Statistics from the 2017 admissions round (applications 2017 for 2018 entry) for the BC98 Biomedical Sciences course at the University of Oxford
In 2017 we received 437 UCAS applications. Of these applicants 409 successfully registered for and sat the BMAT. The application of any applicant who did not register for (or registered late) or sit the test was deemed incomplete, and the applicant was notified at that stage that their application was no longer under consideration.
- Approximately 20% of applicants submitted an open application.
- 4 applicants applied for deferred entry.
- 76% of applicants were female.
- 60% of applicants offered A-levels, and 18% offered the IB.
- 113 applicants were shortlisted for interview.
Each applicant was interviewed at two colleges: the college of preference, or allocation if an open application was made, and one other assigned by computer.
Approximately 3 applicants were invited for interview for each available place.
Short-listing was based heavily on available GCSE and BMAT data (both quantitative and objective measures). If applicants had not taken GCSEs or IGCSEs more weight was given to the BMAT score.
In addition to GCSE and BMAT data, all applications were reviewed by tutors before final short-listing decisions were taken. Any applicants whose individual circumstances - both academic and non-academic - suggest that their GCSE and/or BMAT performance was likely to have underestimated their potential were considered by a cross-college panel.
We do not ascribe equal weighting to all sections of BMAT. In 2017, weightings were: section 1=40%, section 2=40%, and section 3=20%. In calculating the section 3 score, double weight is ascribed to the ‘Quality of Content’ score and single weight given to the ‘Quality of English’ score (with A=5, B=4, C=3, D=2, E=1, and X=0).
For the last few years we have also collected GCSE performance data for schools in Great Britain and Northern Ireland, which helps tutors to assess whether an applicant's grades at GCSE may reflect an under- or over-performance within the context of the school at which they were taken. Therefore, it is possible that the chance of being short-listed can be increased/reduced if an applicant has a higher/lower fraction of A* grades than would be predicted for the average student from their GCSE school.
BMAT is the only element of an application that is common to all applicants for Biomedical Sciences and giving as it does a snapshot of ability and aptitude, is an important selection tool when assessing extremely well qualified applicants.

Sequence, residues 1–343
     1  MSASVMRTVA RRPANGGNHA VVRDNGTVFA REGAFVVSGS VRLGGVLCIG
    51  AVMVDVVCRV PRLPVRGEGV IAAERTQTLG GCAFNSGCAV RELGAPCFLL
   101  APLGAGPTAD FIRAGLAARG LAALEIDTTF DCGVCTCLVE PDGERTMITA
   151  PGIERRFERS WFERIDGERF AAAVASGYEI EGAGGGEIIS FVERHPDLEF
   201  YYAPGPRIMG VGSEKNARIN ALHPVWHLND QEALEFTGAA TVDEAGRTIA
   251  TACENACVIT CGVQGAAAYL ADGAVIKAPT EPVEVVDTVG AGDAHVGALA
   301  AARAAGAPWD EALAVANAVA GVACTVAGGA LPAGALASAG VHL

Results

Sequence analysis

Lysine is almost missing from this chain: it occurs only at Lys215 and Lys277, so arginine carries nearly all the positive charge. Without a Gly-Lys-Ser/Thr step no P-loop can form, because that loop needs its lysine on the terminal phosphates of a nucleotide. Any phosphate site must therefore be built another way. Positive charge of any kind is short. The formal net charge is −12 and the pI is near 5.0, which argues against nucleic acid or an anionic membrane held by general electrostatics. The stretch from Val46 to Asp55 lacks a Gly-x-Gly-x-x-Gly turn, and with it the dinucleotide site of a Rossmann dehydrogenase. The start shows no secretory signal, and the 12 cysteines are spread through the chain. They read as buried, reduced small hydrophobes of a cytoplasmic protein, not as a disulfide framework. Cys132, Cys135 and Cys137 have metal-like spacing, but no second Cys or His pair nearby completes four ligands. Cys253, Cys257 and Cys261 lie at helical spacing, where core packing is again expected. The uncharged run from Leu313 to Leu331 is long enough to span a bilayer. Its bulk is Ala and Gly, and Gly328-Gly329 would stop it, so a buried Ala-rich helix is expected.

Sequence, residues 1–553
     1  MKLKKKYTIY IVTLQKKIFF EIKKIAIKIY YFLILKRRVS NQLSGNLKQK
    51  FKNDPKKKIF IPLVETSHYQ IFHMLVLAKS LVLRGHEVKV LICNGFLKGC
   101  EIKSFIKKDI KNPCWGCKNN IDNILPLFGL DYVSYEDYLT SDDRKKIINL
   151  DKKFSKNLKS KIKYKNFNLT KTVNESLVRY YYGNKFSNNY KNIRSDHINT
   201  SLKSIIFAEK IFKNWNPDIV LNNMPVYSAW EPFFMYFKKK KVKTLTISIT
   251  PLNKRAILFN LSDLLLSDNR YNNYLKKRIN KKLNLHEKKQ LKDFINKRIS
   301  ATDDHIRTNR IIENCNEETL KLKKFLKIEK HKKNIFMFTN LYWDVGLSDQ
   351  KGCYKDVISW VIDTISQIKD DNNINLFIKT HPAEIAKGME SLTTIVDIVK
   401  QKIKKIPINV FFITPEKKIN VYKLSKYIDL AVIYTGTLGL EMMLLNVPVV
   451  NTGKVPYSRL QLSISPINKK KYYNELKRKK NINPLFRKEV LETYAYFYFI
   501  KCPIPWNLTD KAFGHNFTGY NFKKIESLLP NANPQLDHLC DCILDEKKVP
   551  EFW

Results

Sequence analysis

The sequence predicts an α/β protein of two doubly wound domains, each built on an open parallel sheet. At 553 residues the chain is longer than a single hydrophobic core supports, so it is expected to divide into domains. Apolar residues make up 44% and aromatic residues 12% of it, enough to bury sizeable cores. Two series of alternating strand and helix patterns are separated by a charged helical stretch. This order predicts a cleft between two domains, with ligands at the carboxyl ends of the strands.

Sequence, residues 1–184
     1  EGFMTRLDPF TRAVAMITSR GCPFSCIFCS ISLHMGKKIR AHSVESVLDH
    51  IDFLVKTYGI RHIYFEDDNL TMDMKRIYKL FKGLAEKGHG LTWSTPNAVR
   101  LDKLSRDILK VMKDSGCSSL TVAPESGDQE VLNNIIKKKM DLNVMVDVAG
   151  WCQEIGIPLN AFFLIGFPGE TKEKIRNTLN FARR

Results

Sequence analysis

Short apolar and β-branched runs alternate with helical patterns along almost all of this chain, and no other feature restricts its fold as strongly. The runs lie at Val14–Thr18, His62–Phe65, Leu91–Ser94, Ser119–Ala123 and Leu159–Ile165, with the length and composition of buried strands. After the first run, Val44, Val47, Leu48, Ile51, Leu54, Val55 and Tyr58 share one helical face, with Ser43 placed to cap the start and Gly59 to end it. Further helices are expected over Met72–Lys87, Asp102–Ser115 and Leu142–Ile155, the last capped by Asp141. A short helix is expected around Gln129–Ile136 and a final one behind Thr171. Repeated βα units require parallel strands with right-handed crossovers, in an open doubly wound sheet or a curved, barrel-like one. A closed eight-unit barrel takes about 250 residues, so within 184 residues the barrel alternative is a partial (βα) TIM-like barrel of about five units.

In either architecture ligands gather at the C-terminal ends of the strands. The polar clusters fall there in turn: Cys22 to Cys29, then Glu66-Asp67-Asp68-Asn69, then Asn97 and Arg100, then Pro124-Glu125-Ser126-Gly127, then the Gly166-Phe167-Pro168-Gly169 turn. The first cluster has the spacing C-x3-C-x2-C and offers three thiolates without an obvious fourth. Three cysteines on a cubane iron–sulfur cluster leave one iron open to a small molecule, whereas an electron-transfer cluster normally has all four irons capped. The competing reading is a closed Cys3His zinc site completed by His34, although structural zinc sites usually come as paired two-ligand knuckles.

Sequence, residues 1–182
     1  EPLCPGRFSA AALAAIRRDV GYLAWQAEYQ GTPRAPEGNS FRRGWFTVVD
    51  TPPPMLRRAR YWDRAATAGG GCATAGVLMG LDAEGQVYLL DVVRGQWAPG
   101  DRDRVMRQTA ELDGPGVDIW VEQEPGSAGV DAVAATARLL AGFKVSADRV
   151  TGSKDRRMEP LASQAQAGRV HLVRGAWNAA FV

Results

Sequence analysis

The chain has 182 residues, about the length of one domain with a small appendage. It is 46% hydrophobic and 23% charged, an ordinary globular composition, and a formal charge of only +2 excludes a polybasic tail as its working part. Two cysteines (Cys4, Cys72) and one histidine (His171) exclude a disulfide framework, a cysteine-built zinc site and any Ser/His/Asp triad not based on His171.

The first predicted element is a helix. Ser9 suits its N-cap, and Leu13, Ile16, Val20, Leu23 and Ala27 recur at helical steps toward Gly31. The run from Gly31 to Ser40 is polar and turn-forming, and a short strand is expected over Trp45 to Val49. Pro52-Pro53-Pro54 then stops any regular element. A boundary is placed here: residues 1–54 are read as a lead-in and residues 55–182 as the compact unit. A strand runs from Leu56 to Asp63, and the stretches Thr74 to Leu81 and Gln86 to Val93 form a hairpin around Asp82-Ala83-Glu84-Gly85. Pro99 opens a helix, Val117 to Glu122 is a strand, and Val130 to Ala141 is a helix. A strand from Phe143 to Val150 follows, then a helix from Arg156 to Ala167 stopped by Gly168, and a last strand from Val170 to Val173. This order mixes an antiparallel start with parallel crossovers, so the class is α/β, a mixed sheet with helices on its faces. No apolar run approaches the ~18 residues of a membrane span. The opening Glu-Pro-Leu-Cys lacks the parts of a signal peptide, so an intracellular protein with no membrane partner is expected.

GCSEs & BMAT
The following graphs, showing the distribution of the percentage of GCSEs at A* and adjusted BMAT scores for the 2017 cohort, offer a rough guide to prospective applicants for the next round.
The mean BMAT score was 51%, which increased following short-listing to 59%.
The mean percentage of A* at GCSE was 71%; this rose for those short-listed to 90%.
The mean number of total GCSE qualifications offered (not including short courses and other GCSE-equivalent qualifications) was approximately 10.5.
A-LEVELS AND OTHER SCHOOL-LEAVING QUALIFICATIONS
All A-level applicants must take two subjects from Biology, Physics, Chemistry and Mathematics. The table below summarises the distribution of subject choices amongst applicants taking A-levels.
|Subject||% of applicants||
% of applicants
% of applicants
79% of successful applicants who offered A-levels were studying Biology AND Chemistry AND Mathematics.
Colleges interviewed blind of college choice (or allocation) and BMAT score.
Offers were made to 10% of male applicants and 11% of female applicants (53% of shortlisted male applicants and 36% of shortlisted female applicants).
For those with an offer of a place, the mean adjusted BMAT score was 61%. For those with an offer of a place who had taken GCSEs, the mean percentage of A* at GCSE was 89%.
39% of offers were made by colleges other than the college of preference (or allocation).
Colleges made 38 quota offers for 2017 entry and 6 open offers (which means the applicant is guaranteed a place at Oxford to study Biomedical Sciences, but will not be assigned to a college until after A-level results - or equivalent - are known).
There were 135 international applicants for fee-paying purposes who registered and sat BMAT. 31 were shortlisted for interview and 7 received an offer.